Let’s be honest here. The world doesn’t work like the U.S. Senate, where every state gets two senators for a total of 100. If the world was actually like the U.S. Senate, our planning for this trip would have been much less complicated – just spend two days in every state.
That would be a pretty terrible idea, however, for the fact that California, New York, Texas and other large states would be underrepresented. We’d be forced to miss out on a majority of what those states had to offer, in lieu of an equal two days in boring, unnecessary places with arbitrary names and borders surrounding them.
In fact, I think it would be fair to say that our trip more closely reflects the nature of the U.S. House of Representatives, where states are allocated a certain number of elected officials based upon the population of the state from which they hail. We can consider this system in comparison to our process of planning, during which we planned for the most time to be spent in the places with the coolest stuff to see and do. Granted, those aren’t exactly the most scientific of terms, but it’s worth looking at.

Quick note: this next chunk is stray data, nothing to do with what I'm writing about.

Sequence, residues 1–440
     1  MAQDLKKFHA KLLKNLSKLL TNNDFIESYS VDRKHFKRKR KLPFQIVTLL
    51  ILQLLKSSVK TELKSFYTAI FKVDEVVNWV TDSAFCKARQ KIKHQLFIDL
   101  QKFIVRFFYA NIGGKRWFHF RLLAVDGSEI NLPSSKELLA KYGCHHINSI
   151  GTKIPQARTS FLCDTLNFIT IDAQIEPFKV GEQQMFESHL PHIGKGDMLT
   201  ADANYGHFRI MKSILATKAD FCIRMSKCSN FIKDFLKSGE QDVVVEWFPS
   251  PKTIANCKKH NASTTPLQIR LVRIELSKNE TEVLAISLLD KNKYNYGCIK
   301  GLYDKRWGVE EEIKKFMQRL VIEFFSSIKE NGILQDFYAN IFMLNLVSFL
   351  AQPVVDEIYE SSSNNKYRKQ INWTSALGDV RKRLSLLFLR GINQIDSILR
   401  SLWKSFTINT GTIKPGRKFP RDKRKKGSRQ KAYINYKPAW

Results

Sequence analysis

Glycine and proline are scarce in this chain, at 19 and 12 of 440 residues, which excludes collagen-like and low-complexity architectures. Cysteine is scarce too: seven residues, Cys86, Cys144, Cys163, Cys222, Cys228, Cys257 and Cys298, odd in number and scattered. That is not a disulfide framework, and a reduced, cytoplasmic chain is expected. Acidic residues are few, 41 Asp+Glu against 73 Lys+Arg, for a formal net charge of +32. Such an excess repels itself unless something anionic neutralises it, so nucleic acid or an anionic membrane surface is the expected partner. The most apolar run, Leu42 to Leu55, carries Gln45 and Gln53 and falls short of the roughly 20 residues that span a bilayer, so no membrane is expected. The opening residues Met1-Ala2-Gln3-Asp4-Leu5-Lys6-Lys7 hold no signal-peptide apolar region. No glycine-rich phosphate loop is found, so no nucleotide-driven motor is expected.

Here is a graph about the ten most populated states in the country. The first bar reflects their share of representation in the House, and the second reflects the amount of time we’re spending there.
And the bottom ten:
In the meanwhile, I got a comment the other day from a reader telling us how he was excited to see our Rhode Island pictures, as he had grown up there. Sorry to disappoint, but…
But we made it, and now it’s on to Boston.